Working paper

Future Demand for Migrant Labor in Costa Rica


Koen Voorend, Daniel Alvarado and Luis Ángel Oviedo

This paper discusses current and future migrant labor demand in Costa Rica. It looks at the evolution of migrant labor demand and its sectoral and occupational structure for the 1990-2020 period and projects its evolution at the 2030 horizon. The general objective of the analysis is to provide information that enables Costa Rica as an important country of destination, in coordination with countries of origin, to formulate and implement labor migration policies, and design appropriate education and training policies in consonance with the evolution of the sectoral and occupational structures of labor markets in Costa Rica.

Migrant labor plays a key role in Costa Rica's economy, mainly in low-skilled sectors such as agriculture, construction, domestic work, and services. Its contribution to GDP is around 12%, but the duality of the labor market implies many migrants work in informal settings. This paper shows how informality has gained relative importance in the labor market, both for nationals and especially for migrants. Despite their importance in the economy, there are currently no systematic mechanisms that enable estimating future migrant labor demand.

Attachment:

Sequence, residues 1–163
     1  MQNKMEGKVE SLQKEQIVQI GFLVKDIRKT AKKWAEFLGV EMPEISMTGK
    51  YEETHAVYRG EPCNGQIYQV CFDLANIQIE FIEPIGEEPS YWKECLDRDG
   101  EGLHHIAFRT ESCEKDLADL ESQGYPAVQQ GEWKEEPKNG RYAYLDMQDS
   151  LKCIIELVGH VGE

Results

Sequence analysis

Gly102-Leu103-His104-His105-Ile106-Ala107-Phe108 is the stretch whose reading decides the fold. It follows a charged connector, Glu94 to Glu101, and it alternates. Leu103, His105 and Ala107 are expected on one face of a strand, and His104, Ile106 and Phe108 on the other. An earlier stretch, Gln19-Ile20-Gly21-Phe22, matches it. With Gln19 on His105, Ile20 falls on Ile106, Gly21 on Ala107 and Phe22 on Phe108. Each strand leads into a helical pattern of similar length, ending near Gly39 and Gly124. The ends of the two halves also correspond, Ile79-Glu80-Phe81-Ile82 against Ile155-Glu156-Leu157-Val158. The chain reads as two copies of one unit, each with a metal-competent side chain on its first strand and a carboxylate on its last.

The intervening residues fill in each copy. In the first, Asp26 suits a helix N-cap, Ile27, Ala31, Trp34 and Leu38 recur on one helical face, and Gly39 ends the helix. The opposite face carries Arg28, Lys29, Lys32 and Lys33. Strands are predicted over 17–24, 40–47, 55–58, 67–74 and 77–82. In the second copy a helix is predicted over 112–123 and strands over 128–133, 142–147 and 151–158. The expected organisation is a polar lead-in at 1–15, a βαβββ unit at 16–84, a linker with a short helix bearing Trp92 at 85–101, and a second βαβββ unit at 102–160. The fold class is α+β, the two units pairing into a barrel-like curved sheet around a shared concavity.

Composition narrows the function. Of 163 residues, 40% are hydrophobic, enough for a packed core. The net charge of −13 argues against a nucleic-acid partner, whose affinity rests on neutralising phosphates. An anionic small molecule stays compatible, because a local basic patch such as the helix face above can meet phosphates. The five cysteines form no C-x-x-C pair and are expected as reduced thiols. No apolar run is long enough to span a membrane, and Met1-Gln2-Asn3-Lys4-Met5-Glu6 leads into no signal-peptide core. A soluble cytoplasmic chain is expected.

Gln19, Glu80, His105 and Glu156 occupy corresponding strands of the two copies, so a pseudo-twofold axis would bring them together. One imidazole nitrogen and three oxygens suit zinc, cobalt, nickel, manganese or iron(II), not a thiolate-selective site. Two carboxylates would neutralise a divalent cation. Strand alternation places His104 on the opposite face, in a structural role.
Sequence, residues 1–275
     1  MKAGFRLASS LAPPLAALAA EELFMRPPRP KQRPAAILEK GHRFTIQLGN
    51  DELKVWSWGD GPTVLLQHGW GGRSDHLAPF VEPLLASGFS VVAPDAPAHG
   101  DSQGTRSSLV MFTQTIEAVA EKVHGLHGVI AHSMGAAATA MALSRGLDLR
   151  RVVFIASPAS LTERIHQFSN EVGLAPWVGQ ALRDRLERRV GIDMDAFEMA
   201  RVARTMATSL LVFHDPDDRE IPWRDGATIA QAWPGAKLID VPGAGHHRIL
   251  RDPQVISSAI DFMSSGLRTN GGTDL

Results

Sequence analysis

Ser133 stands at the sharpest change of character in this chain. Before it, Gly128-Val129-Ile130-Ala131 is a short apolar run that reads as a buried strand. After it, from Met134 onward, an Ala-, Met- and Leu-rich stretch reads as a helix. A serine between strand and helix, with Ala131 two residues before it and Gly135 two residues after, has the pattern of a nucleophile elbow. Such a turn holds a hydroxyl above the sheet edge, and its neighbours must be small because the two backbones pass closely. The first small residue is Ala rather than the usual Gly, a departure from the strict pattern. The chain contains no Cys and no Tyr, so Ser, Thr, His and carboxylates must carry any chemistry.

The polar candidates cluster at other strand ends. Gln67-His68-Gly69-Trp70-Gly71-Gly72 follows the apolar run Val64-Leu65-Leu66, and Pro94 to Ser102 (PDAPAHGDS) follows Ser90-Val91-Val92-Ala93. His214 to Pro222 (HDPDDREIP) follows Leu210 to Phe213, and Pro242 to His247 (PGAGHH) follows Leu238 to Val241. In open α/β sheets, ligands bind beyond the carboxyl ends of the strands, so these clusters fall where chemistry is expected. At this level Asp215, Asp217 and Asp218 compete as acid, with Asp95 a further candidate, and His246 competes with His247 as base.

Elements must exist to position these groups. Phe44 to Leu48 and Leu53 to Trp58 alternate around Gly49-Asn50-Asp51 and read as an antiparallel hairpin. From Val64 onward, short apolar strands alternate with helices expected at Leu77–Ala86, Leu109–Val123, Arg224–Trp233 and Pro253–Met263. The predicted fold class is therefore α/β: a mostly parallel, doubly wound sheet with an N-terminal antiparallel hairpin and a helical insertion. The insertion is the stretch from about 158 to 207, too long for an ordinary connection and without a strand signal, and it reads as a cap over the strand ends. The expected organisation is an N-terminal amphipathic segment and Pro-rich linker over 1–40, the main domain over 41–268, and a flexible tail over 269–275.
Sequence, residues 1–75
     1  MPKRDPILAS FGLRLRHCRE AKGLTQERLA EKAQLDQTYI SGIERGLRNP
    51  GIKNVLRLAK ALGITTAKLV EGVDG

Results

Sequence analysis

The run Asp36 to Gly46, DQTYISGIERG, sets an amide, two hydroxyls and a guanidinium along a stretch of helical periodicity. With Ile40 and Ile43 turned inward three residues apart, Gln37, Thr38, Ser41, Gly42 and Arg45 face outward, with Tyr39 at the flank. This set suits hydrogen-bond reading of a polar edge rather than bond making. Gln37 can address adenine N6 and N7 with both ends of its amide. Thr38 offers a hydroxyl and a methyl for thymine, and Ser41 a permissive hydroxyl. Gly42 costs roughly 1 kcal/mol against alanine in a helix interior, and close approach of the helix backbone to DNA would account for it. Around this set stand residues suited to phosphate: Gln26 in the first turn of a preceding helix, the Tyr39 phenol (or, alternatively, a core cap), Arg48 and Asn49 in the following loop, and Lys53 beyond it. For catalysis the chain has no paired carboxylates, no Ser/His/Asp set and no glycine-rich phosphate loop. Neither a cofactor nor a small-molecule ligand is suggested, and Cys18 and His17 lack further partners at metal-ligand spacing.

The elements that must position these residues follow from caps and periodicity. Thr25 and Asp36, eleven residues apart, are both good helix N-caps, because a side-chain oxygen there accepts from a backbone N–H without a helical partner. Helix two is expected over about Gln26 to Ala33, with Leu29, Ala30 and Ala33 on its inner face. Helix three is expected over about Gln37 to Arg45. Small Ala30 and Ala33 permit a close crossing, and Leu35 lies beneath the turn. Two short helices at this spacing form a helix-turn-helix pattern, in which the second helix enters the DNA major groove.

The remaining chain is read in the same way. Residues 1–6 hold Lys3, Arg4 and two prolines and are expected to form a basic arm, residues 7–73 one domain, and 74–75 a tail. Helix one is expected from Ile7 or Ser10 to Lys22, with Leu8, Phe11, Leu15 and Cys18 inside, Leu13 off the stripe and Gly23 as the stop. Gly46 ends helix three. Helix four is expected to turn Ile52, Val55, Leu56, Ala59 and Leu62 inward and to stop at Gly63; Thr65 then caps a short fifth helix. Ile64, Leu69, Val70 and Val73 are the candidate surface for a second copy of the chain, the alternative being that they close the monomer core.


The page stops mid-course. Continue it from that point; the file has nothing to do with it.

The prospective exercise in this paper shows a slow and steady increase of the total number of migrant laborers active in the Costa Rican economy at the 2030 horizon. This increase in migrant workers is explained by economic growth but maintaining their affluence in the traditional sectors that require their labor and not diversifying into other sectors. In fact, pre-pandemic, their relative importance in the economy was expected to stabilize, if not reduce. That is, a stabilization in the growth of migrant labor demand in Costa Rica was expected, mainly due to the to the consolidation of labor sectors as receivers of this migrant population and the stable trend shown in migratory flows in recent years. However, the uncertainty generated by the Covid-19 crisis makes forecasts challenging, and now migrant labor demand is expected to substantially decrease in the short run, and the recovery to pre-Covid-19 levels is projected to be relatively slow.